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I honestly have no idea how to reply to this comment, but thanks for stopping by anyway.
I’m probably a bit late to the party, but hey! Great article. I agree we have gained a lot and lost a bit too. Love your reply to Reggie – ‘I honestly don’t know how to reply to this comment, but thanks for stopping by anyway’. I would not know how to reply to that comment either, maybe we should google it?!
well, I’ve had Google and electronics as long as u can remember (being as I’m not very old) but hearing this from you Charlie I think I would rather go back to the time when electronic devices weren’t around. it sounds so much better. nowadays people are so much in their phone that they wouldn’t even notice let’s say a panda walking in front of them in the city. this is my opinion. but basically when electronics weren’t around people could live a life….
Haha, it’s true about the panda, Bryce – I see people so immersed in their phones that they’re unaware of anything! As I said in the article, all these devices bring a lot of advantages, but it’s important to be aware of the downsides. But if you’ve never known anything else, it must be hard to be aware of those downsides…
This might surprise you, but as a young guy who was born in the 80s, I also agree that having Google or even the internet in general has pros as well as cons. I thought of the same reasons you did. But, keep in mind I’m saying this as someone who has used internet since he was a teen, so it has been around for more than half of my life. I sometimes think it would be fun to go back in time to when we didn’t have the internet, even though I only remember what life was like without it as a child. I think of things this way: if humans survived for hundreds of years without the internet, and other modern technologies like cellphones, life couldn’t have been all that bad. Old movies, TV show episodes and home videos from my childhood also prove that we all got along just fine, or in many ways even better, without all the modern technology.
First of all, the REM song with the lyric you mentioned is not Sidewinder but “Man on the Moon”. Second, you can clearly hear Michael Stipe say ” punch” not “bar”.
It’s all about balance I guess. You correctly pointed to the pleasure of discovery, which is evidently lost in these days. That pleasure was the source of motivation, the source of extra search and we were discoverers. It’s about internal realization of an attribute. We were seekers back then. That character were useful for other parts of life. To find out the good woman suitable for you, to find out a better future for your children. Balance is the answer. To live in a world of easily accessible information, yet keeping the discovery spirit.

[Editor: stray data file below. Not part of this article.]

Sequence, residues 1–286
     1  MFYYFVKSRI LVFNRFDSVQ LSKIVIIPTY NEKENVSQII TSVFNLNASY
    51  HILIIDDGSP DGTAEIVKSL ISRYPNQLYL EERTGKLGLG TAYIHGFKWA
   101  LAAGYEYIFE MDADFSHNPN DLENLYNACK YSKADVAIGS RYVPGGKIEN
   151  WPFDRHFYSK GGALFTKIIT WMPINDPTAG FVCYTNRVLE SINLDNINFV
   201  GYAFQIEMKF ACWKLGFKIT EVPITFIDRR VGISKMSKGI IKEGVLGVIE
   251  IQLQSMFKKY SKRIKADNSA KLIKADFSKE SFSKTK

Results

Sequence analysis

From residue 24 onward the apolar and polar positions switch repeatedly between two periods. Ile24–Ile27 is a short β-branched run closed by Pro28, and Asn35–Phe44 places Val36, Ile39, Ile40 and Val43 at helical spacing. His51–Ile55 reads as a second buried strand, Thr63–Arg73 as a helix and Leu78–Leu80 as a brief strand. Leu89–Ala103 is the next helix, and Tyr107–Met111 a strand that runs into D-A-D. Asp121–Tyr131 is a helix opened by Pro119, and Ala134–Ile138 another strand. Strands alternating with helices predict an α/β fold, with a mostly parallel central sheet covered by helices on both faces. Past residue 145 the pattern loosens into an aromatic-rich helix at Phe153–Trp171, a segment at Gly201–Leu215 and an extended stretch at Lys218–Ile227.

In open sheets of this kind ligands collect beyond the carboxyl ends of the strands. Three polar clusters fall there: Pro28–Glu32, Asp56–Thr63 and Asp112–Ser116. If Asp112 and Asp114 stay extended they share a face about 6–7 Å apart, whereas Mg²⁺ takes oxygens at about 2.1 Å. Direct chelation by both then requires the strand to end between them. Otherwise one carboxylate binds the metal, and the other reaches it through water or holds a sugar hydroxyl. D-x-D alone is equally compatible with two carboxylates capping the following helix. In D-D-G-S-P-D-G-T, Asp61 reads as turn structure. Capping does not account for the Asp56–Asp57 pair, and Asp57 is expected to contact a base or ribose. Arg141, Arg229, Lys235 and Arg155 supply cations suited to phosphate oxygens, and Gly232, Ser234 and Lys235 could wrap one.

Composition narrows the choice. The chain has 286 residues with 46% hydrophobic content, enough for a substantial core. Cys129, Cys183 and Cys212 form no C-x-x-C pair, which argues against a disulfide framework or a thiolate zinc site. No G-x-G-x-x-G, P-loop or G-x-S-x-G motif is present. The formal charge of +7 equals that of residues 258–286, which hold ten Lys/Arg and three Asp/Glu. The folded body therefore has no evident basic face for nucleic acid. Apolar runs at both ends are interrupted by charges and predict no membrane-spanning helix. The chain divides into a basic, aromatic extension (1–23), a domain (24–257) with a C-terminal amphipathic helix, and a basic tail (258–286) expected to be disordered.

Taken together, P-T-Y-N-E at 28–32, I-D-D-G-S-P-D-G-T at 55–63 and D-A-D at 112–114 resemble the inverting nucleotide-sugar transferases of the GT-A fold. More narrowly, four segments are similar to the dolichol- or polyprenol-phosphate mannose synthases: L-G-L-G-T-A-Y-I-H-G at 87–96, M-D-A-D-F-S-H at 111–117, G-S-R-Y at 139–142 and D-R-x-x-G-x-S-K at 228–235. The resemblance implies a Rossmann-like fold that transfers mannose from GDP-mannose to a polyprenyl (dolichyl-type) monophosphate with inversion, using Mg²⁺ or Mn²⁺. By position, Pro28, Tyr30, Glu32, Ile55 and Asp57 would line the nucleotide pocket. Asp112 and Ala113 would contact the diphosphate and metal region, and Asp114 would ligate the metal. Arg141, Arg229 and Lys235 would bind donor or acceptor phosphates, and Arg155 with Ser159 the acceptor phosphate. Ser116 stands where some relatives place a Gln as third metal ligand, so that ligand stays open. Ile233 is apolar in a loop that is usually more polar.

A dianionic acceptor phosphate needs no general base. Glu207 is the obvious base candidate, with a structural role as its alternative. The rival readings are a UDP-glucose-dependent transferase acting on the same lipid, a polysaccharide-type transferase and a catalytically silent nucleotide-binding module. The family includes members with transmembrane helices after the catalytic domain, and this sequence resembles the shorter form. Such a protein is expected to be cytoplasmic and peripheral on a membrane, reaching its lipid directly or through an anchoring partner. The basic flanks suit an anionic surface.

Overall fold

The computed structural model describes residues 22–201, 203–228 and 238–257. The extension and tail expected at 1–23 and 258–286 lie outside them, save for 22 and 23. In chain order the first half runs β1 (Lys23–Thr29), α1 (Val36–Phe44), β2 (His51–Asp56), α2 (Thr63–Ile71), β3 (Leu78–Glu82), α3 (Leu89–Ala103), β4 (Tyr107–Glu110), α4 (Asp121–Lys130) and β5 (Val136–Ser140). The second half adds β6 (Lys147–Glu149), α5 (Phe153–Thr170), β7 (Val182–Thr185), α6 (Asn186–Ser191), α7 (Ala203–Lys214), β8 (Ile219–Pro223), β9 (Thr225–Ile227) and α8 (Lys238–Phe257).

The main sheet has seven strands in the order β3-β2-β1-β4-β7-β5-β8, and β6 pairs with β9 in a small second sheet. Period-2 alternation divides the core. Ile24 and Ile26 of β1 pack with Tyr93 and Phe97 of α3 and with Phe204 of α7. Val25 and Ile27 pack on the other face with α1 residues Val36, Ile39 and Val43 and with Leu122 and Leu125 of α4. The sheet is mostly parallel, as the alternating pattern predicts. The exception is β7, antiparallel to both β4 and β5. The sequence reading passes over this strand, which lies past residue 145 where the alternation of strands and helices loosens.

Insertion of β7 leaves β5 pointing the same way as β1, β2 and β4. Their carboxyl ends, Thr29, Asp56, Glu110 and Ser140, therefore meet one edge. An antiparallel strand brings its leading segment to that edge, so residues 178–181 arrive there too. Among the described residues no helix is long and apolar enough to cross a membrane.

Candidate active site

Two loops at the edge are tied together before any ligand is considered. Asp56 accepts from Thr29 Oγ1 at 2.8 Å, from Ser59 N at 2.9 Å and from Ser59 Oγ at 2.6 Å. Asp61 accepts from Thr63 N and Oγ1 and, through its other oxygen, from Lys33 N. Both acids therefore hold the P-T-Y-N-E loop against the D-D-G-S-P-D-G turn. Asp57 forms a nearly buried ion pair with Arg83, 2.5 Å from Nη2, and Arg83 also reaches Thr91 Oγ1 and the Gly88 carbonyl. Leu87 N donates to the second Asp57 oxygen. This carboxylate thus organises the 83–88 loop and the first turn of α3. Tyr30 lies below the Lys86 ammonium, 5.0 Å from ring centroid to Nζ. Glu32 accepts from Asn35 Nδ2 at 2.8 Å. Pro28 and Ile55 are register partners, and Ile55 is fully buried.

Yes! That’s beautifully put, Saeed.
I think the greatest loss has been the interactions between children and their parents. My mother always says that I never used to shut up as a kid, and always asked them questions. As younger and younger children are using the Internet and Google in particular, this connection is being lost.
Those questions, and the interaction with my parents is where a great deal of my respect for my parents and the older generations grew. As new generations rely more and more on stored knowledge, they lose the connection of having the knowledge imparted on them.
This is an excellent point! I hadn’t thought of that. I certainly have memories of asking my parents all kinds of things about the world, and there’s that age when you think your parents are the source of all knowledge about everything. That fades as you get older, of course, but it’s an important foundational memory and establishes those connections and that respect that you mention. It scares me to think of that role being taken by Google.